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Wednesday, March 5, 2014

But what if your offer was turned down - Dealing with rejection –


 Question - I’ve made several offers and my offers are always rejected. What can I do?
This is the 7th in the series of 10 posts about the real estate process from the perspective of the buyer.
Answer – Dr. Phil might say “Get Real!” If you’ve made several offers and all have been rejected, then you
need to look at the strategy that you’ve been using. If you’ve been lowballing all of the offers, shame on you – that boat sailed two years ago. Shame on your Realtor, too, for allow that to happen.  If you’ve made several offers that you and your Realtor felt were good offers but have lost out to other bids, then it’s time to reassess both what you are bidding on, the content of your bids and how aggressive you may have to become to get the house that you want in the current tight market.

It is possible that you’ve been bidding on homes that were at the top end of the range that you can afford, maybe even a little above. Again – get real! That puts you at a disadvantage, because you may not feel comfortable bidding above the asking price or you may have to ask for Seller Concessions at the bid price to help cover your closing costs. Both strategies are likely to fail in a tight market. Sometimes it’s the type of mortgage financing in your bids that may be holding you back. If you are proposing to mortgage through an FHA, VA or USDA program many sellers will perceive that as weaker than someone who is proposing the same offer price but with a conventional mortgage. Your Realtor should have asked the other side every time you failed to win, why they accepted some other offer or why they rejected your offer. They aren’t really required to tell you, but sometimes you’ll get valuable feedback about your offer that can help with future offers.

What you need to understand is that FHA, VA and USDA programs, while great for you, may impose conditions upon the seller that he/she finds onerous. The appraisal visit for those type of mortgage are often called inspections, just because of all of the safety and condition items that they may look for in the house and require he seller to repair or update, prior to approving the mortgage. Some sellers also feel that people who come with these low down payment mortgages probably can’t afford the house or will be a pain to deal with on the appraisal or inspection issues.

In many areas of the country we also see cash buyers (basically investors buying up properties for rental) as a major problem at the low end of the market. It is hard to compete with a guy standing there with cash in hand and often offering to buy without an inspection, when you are going to need the house to pass both the inspection and the appraisal and may need a Seller’s Concession to boot. There is no solution for that competition, other than to keep looking and hope that the house that you want to buy isn’t one that they know about. With home prices rising many investors have headed for the sidelines, because the numbers no longer make investment sense to them.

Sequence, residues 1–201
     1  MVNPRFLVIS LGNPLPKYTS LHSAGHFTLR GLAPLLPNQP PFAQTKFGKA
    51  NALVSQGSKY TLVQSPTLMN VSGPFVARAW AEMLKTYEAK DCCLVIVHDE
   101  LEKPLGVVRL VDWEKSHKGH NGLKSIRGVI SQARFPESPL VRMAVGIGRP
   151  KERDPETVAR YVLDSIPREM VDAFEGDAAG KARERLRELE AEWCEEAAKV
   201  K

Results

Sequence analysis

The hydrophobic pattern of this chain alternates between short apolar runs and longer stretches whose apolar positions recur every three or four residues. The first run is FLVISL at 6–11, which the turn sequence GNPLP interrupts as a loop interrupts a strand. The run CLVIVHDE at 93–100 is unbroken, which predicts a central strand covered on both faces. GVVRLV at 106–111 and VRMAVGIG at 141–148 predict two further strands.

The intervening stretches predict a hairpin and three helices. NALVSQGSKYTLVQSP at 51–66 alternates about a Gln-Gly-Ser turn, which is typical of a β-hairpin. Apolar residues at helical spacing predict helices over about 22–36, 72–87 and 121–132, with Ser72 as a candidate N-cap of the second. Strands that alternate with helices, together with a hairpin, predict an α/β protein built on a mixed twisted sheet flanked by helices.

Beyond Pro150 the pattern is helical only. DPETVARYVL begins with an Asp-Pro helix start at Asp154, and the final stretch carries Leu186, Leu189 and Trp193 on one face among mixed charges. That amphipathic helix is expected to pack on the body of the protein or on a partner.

It also may well be that you really aren’t ready to buy yet. If you don’t have enough money to put out a reasonable down payment (from 5-20% of the purchase price) and you can’t cover the closing costs (about 3-3/5% of the sale price) then you really aren’t ready. You may want to become a homeowner, but you just don’t have the necessary wherewithal yet. That is especially true if you also have credit issues on your record, too.


The newest changes to the mortgage world have created what are called Qualified Mortgages, which is the quaint notion that the borrower has proven a reasonable ability to repay the loan. The lenders get some liability protection if they do the necessary work to qualify your mortgage. Click here for a good read on these new rules and what qualified mortgages are all about. So do some honest soul searching and financial analysis of your position and back off for a while, if you really aren’t ready to buy.

If you are qualified to buy and you are being realistic about what you are trying to buy, then also look at how you are trying to buy. Perhaps you are losing because you are dithering. The current tight market is not one in which you can take a lot of time to think about every house. You need to be ready to act fairly quickly when you see a good house. The longer you equivocate over things the more time you give other potential buyers to swoop in and steal it out from under you. Have your mortgage pre-approval ready. Have your earnest money ready to go. Do as much homework as you can before you get to the house to look, so that you don’t have to do that afterwards. Know what help you’ll need, if anything, with closing costs and how much you’ll be able to put down. Talk to your Realtor about strengthening your offers.


And remember, like that famous line from the Godfather movie –“It’s nothing personal, it’s just business.” Rejections of your offer are not meant to be personal. In most cases the sellers never meet the buyers until they meet at the closing table, so it can’t really be personal – it’s just business. Hopefully some of the suggestions above will help you do that business better and get the house of your dreams. 

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